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This eBook from the Gutenberg Project consists of approximately 267 pages of information about Vanishing Roads and Other Essays.

“Yes, a dream,” he added presently, “and yet—­” In that “and yet” there was a world of invincible faith that made it impossible not to share his dream, even see it building before one’s eyes—­such is the magnetic power of a passionate personal conviction.

“Of course,” he went on again, “we all know that ’nature is one with rapine, a harm no preacher can heal.’  But because the fox runs off with the goose, or the hawk swoops down on the chicken, and ’yon whole little wood is a world of plunder and prey’—­is that any reason why we should be content to plunder and prey too?  And after all, the cruelty of Nature is only one-sided.  There is lots of pity in Nature too.  These strange little wild lives around us are not entirely bent on killing and eating each other.  They know the tenderness of motherhood, the sweetness of building a home together, and I believe there is far more comradeship and mutual help amongst them than we know of.  Yes, even in wild Nature there is a principle of love working no less than a principle of hate.  Nature is not all-devouring and destroying.  She is loving and building too.  Nature is more constructive than destructive, and she is ever at work evolving and evolving a higher dream.  Surely it is not for man, to whom, so far as we know, Nature has entrusted the working out of her finest impulses, and whom she has endowed with all the fairy apparatus of the soul; it is not for him, whose eyes—­of all her children—­Nature has opened, the one child she has taken into her confidence and to whom she has whispered her secret hopes and purposes; surely it is not for man voluntarily to deny his higher lot, and, because the wolf and he have come from the same great mother, say:  ’I am no better than the wolf.  Why should I not live the life of a wolf—­and kill and devour like my brother?’ Surely it is not for the cruel things in Nature to teach man cruelty—­rather, if it were possible,” and the saint smiled at his fancy, “would it be the mission of man to teach them kindness:  rather should he preach pity to the hawk and peace between the panther and the bear.  It is not the bad lessons of Nature, but the good, that are meant for man—­though, as you must have noticed, man seldom appeals to the precedents of Nature except to excuse that in him which is Nature at her worst.  When we say, ‘it is only natural,’ we almost invariably refer to that in Nature of which Nature herself has entrusted the refinement or the elimination to man.  It is Nature’s bad we copy, not Nature’s good; and always we forget that we ourselves are a part of Nature—­Nature’s vicegerent, so to say, upon the earth—­”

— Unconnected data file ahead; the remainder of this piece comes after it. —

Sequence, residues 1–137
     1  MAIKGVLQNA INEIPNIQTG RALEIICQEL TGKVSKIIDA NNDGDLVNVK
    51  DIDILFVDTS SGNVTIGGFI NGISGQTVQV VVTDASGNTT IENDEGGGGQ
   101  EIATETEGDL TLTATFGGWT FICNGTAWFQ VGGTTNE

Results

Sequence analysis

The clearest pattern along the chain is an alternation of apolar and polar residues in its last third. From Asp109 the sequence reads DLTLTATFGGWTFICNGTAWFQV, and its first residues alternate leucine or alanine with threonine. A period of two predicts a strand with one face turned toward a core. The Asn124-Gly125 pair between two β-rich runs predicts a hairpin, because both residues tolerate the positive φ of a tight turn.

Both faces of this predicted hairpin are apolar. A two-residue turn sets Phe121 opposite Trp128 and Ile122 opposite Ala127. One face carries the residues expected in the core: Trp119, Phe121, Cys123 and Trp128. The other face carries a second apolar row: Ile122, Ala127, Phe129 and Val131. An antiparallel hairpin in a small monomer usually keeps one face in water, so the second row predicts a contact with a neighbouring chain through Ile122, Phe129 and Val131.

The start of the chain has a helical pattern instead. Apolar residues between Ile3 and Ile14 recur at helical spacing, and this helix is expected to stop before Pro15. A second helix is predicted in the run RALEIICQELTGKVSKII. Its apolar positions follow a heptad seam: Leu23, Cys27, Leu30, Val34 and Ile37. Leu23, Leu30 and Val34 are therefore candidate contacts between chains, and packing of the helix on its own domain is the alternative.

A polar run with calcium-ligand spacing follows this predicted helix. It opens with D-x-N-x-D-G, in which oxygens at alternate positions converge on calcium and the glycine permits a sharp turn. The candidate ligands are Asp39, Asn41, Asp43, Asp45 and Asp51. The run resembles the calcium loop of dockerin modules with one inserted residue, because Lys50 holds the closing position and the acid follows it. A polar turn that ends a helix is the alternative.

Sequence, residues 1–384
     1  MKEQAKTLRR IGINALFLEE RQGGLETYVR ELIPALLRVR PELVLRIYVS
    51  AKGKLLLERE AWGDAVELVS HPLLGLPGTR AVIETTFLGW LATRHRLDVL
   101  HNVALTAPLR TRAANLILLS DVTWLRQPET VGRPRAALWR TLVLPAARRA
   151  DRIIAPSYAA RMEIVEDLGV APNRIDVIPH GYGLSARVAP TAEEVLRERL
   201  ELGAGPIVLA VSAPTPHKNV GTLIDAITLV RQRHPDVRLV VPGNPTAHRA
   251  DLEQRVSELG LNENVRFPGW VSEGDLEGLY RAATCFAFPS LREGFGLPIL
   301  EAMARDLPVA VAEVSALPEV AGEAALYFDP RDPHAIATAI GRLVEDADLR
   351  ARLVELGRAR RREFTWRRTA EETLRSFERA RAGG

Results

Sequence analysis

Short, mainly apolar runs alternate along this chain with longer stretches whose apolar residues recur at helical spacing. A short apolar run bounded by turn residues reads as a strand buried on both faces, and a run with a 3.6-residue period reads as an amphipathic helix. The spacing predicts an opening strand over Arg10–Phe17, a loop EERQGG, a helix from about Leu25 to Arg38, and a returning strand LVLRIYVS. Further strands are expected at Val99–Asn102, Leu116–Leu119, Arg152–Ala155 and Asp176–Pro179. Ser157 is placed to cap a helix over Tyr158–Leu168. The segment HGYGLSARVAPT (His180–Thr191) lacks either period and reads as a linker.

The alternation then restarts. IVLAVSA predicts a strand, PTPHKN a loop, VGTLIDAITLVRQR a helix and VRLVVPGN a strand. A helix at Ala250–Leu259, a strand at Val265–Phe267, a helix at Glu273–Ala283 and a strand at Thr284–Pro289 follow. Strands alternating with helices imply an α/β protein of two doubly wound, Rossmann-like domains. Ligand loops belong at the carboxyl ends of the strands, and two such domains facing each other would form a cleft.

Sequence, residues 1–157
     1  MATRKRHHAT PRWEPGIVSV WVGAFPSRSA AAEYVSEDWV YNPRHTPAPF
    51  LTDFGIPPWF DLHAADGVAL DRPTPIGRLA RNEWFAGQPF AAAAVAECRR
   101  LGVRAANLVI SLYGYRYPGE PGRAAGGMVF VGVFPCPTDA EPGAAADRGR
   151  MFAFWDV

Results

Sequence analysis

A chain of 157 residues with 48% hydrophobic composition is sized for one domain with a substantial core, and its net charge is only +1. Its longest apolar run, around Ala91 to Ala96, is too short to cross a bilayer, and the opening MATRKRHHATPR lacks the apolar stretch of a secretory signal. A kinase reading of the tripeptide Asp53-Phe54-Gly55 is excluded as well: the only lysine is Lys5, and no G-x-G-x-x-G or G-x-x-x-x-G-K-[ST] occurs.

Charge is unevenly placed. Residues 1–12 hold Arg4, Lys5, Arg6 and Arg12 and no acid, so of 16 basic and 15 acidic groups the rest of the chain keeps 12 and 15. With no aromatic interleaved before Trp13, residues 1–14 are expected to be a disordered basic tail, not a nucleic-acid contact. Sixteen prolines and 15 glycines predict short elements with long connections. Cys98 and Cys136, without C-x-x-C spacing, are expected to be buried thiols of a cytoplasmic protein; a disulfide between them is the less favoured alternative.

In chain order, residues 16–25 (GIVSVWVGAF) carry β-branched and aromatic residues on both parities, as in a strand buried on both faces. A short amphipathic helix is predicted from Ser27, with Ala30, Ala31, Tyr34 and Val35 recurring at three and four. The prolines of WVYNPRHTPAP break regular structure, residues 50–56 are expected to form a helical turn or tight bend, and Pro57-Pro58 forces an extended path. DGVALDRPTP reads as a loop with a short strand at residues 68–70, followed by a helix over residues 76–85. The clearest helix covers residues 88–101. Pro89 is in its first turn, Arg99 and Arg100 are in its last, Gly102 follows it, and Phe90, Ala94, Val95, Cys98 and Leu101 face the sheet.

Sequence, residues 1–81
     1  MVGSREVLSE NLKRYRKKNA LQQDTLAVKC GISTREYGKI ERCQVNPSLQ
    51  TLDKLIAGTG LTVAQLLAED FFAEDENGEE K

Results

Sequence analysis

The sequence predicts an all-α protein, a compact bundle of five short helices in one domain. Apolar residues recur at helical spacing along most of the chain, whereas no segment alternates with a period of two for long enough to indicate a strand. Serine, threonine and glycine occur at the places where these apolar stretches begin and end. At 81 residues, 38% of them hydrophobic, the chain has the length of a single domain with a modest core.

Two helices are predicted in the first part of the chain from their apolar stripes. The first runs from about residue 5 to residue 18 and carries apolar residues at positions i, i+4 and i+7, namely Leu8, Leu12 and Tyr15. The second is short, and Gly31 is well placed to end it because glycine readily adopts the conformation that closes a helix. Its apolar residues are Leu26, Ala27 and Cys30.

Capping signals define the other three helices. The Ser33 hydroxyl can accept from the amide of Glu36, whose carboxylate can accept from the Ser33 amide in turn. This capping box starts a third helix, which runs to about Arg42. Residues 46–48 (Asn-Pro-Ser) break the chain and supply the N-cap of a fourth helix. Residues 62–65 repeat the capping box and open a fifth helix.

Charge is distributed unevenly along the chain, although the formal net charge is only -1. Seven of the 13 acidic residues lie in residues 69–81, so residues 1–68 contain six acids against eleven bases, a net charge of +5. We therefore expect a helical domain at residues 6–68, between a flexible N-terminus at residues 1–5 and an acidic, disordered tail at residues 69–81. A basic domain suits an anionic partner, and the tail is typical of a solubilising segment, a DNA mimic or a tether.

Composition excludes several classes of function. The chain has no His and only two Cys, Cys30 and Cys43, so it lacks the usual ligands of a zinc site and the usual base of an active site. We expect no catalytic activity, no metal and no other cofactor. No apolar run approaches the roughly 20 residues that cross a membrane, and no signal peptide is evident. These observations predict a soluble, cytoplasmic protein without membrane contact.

As we talked, we had been approaching a house built high among the heather, with windows looking over all the surrounding country.  Presently, the saint stopped in front of it.

“This is my house,” he said.  “Won’t you come in and see me some time?—­and, by the way, I am going to talk to some of the village children about the wild things, bird’s nesting, and so forth, up at the schoolhouse on Thursday.  I wish you’d come and help me.  One’s only hope is with the children.  The grown-up are too far gone.  Mind you come.”

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